In celebration of Black History Month, Air/Light is excited to feature a series of works by Black writers from the archives of the Southern California Review, whose archives we’re in the process of digitizing.
Today we’re excited to share “And How Could I Live On (for Betty Shabazz)” by Nikki Giovanni. Giovanni is one of the most celebrated living poets in the United States. Giovanni began her poetry career as a fundamental part of the Black Arts Movement. Alongside writers such as Sonia Sanchez and Gwendolyn Brooks, Giovanni brought out the necessary feminist politics of revolutionary Black liberation. Giovanni’s writing brings together radical politics, intimate relationships, and family dynamics. As Air/Light editor David L. Ulin wrote of Chasing Utopia in the Los Angeles Times, Giovanni’s writing mixes poetry and prose to create a blend “of memories, reflections, even recipes… In its particularity, its informality, Chasing Utopia continually reminds us of what’s important: the connections we develop with those we love.”
In her merging of the personal and the political, in her investigations of the entanglements of race and gender, Giovanni presents crucial documents of intersectionality, a mode of politics that has only grown more critical in recent years.
“And How Could I Live On (for Betty Shabazz)” was published in The Southern California Anthology volume 15 in 1998. The editors were James Ragan and Laurel Ann Bogen.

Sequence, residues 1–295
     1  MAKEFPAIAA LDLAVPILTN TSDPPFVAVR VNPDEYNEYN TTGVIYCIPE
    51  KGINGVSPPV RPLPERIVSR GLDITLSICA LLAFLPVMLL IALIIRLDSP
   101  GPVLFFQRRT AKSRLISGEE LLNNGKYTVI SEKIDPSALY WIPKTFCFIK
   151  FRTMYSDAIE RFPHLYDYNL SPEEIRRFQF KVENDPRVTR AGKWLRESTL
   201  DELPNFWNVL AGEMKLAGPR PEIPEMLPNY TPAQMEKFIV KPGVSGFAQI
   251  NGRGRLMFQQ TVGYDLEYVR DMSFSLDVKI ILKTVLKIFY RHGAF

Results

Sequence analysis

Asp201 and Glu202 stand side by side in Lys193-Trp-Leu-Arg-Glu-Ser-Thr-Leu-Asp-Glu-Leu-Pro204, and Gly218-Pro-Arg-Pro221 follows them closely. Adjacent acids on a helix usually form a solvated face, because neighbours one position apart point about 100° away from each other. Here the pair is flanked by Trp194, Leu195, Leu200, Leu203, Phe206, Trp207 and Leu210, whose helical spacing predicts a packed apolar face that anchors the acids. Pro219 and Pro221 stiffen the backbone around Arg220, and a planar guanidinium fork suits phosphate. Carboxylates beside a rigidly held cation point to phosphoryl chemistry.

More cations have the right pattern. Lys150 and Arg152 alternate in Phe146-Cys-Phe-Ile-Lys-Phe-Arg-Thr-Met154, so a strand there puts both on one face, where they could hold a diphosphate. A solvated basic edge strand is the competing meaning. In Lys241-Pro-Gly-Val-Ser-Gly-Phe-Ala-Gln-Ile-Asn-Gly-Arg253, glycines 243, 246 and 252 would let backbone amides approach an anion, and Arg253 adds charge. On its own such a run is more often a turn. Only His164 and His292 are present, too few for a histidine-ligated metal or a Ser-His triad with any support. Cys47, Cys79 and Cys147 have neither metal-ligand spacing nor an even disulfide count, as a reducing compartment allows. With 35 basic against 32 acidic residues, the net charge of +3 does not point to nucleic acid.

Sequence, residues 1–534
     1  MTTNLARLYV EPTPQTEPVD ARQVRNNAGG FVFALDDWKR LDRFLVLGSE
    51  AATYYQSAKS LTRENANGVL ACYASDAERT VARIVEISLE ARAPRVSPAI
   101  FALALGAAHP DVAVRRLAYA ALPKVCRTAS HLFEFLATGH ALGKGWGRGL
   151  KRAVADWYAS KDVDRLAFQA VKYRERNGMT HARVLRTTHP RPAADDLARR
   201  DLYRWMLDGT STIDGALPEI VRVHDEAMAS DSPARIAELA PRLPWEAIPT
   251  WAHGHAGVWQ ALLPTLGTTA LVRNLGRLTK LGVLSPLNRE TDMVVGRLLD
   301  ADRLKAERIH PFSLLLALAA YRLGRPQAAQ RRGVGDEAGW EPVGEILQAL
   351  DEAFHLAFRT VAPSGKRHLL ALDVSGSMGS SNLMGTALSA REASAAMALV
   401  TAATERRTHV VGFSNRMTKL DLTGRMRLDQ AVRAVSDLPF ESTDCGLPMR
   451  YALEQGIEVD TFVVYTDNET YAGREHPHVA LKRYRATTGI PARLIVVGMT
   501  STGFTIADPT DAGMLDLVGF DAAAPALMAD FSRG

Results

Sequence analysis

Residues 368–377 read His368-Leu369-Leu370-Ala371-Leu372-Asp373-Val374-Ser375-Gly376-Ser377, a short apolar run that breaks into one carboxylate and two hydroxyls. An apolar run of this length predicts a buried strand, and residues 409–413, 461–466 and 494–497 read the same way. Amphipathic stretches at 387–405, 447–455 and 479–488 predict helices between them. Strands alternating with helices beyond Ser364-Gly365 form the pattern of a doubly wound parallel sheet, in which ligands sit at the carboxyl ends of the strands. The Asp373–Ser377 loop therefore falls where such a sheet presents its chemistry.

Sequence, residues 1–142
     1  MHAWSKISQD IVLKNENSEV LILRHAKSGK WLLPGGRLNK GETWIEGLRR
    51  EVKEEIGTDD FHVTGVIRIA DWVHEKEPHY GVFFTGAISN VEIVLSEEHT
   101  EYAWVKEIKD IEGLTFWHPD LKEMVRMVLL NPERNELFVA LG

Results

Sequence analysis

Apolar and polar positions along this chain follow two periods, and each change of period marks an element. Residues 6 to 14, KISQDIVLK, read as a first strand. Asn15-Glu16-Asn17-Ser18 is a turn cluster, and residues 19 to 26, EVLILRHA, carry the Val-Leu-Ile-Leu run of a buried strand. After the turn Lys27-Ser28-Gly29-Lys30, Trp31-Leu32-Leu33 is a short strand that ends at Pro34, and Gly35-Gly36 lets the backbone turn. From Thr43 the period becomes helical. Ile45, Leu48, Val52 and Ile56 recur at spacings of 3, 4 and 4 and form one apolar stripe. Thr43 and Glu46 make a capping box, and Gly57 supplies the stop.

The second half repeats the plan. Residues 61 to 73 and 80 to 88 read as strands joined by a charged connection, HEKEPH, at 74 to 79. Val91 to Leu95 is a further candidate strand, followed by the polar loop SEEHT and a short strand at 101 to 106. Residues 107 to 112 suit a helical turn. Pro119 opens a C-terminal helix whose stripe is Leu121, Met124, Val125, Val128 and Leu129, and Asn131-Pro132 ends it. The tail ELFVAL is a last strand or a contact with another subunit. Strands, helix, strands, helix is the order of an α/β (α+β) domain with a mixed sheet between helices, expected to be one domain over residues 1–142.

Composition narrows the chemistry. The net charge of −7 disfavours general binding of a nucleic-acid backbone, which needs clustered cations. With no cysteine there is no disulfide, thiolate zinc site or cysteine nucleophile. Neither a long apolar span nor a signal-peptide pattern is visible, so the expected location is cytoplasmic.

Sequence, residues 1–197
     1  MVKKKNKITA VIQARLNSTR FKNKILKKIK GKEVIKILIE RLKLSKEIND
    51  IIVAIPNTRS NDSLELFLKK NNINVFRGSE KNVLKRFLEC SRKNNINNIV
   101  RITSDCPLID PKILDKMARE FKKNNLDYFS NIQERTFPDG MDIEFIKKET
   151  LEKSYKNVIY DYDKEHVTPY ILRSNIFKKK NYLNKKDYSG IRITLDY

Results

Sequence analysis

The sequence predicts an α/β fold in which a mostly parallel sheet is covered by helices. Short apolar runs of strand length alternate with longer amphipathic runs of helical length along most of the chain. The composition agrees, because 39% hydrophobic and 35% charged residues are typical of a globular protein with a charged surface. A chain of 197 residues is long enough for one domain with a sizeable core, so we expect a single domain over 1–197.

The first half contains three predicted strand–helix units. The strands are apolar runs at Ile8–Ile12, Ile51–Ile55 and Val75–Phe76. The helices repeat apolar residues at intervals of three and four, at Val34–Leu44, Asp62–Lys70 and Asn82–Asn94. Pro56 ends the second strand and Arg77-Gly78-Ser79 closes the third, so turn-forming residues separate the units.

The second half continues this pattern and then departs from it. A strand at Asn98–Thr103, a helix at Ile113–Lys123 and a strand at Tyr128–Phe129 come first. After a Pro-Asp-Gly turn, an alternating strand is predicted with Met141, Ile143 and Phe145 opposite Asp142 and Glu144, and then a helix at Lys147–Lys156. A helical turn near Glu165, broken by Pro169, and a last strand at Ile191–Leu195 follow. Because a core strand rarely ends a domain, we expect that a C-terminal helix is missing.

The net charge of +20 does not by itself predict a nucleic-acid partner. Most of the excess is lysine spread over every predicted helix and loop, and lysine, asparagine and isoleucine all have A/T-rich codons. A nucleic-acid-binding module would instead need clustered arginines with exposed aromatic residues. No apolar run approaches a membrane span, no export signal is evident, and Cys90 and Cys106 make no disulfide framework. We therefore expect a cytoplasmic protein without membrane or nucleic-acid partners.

A NOTE ON THE SOUTHERN CALIFORNIA REVIEW ARCHIVES
Founded in 1971, The Southern California Anthology (later The Southern California Review) played a crucial role in the literary ecology of Southern California. Under the leadership of Ann Stanford and James Ragan, the SCR was for many years the literary journal of USC’s Masters of Professional Writing Program and was edited and managed by students, with assistance from faculty advisors. Air/Light editor David L. Ulin was faculty advisor during the journal’s final years. The journal published writing by nationally renowned writers including Nikki Giovanni, Susan Orlean, Dana Johnson, W.S. Merwin, Hubert Selby, Jr., Marge Piercy, Emily Rapp Black, and many, many others.
Though SCR ended in 2015, we see Air/Light as part of the tradition of bringing the perspective of Southern California to the national and world literary stage. We’re thrilled to be able to digitize and host the complete run of the Southern California Review as a publicly-accessible online archive. We’re still in the midst of this project, but we’ll continue to publish more archival finds as we move forward.